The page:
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Markets do not exist in a vacuum; they operate in a social, political, and legal context. That insight – obvious to thinkers such as Adam Smith and Karl Marx, but forgotten in the zeal to fashion economics into a science more like physics than sociology – lies behind the revival in recent decades of the academic discipline known as “international political economy” (IPE). But although IPE scholars are right to reject a vulgar economism, they often assert the primacy of politics so vigorously that they neglect economics.

This trend leads to unfortunate misconceptions: When the world economy is seen as ultimately a zero-sum power game, the crucial point that everyone can gain from market transactions is often lost. This approach is evident in the 10th anniversary issue of the Review of International Political Economy, a leading IPE journal edited by US and British scholars. In their introductory essay, two American editors, Mark Blyth of Johns Hopkins University and Hendrik Spruyt of Arizona State University, locate the journal’s inception alongside the emergence of what they term the “second Washington Consensus,” defined as “a new orthodoxy that entailed a particular view of globalization as predestination.” They contend that the six articles in the anniversary edition provide “numerous challenges to that view,” perhaps none more so than the essay by Robert Hunter Wade, a professor of political economy and development at the London School of Economics.

In “What Strategies Are Viable for Developing Countries Today?” Wade contends that poor nations have less and less ability to follow their own development paths. Why? Because international bodies, notably the World Trade Organization (WTO), increasingly lay down and enforce rules—at the behest of the United States and Europe—that constrain developing countries’ policy options.

Wade points to three big examples. First, WTO rules force developing countries to tighten their intellectual-property protection, thereby transferring an extra $19 billion per year in royalties to U.S. companies and making it harder for poor countries to develop by copying Western ideas. They also limit developing countries’ ability to nurture infant industries through measures such as requiring foreign investors doing business in poor nations to buy intermediate goods and services locally. And the WTO’s agreement on services allegedly compels governments to open up vital sectors such as banking, education, telecommunications, and water supply to unbridled foreign competition against which local firms stand little chance.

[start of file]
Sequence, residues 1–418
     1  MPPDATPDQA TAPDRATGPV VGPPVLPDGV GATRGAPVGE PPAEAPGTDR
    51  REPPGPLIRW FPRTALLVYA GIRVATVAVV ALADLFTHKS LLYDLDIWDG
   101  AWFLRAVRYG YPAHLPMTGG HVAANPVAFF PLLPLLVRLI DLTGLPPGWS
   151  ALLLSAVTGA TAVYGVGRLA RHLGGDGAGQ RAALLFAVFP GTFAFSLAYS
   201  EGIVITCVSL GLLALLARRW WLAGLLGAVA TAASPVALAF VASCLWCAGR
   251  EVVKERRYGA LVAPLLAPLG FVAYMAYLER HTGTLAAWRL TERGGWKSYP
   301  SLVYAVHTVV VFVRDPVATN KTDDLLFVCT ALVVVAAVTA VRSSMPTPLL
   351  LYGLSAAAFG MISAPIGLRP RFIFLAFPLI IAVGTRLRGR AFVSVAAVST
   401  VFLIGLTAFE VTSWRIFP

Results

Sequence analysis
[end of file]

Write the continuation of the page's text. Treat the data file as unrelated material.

Worse, the United States and Europe have reneged on their side of the bargain. Even as they pry open developing markets and impose Western rules, they conspicuously fail to open their own markets to exports such as textiles from developing countries. In short, the WTO is a rich man’s racket that keeps the poor in their place.

That needs to change, Wade argues. Instead of sticking to a development prescription that boils down to “liberalize” and “integrate,” he believes developing economies should have greater discretion to choose industrialization policies that suit their needs and tastes—including “import replacement” (protectionism) and capital controls.

Wade is right to point out that nearly all governments negotiating at the WTO reflect the “exports-good, imports-bad” worldview. And since the United States and European Union are more powerful than developing economies—not least because companies everywhere want access to their huge domestic markets—the mercantilist bargains struck at the WTO often reflect the lobbying demands of powerful US and European firms. Sometimes that power results in deals that harm developing countries, as in the case of the WTO’s intellectual-property agreement. Moreover, the United States and Europe hardly practice what they preach about free trade, notably in agriculture. But even if they also benefit Western multinationals, WTO deals that liberalize markets in developing countries primarily help the poor themselves.

The larger point is that developing countries are not compelled to join the WTO, let alone sign on to its agreements. They are free to take the blind alley of import substitution if they so desire. But increasingly, eyeing the success of the Asian tigers and now of China, they decide that “liberalize” and “integrate” are essential planks of a successful development strategy. Nor are countries compelled to abandon their capital controls: Rightly, China has maintained them, and Malaysia reimposed them in 1998 during the Asian financial crisis.

We unquestionably live in a world of unequal power. Since development consists of increasing opportunities, developing countries by definition have fewer options than rich ones. Yes, the WTO is imperfect, its member governments deplorably mercantilist. All the more reason to celebrate that free trade makes all countries better off; poor countries that have embraced globalization are catching up with rich ones.

Posted 01 Mar 2004 in Foreign Policy, Published articles, Trade

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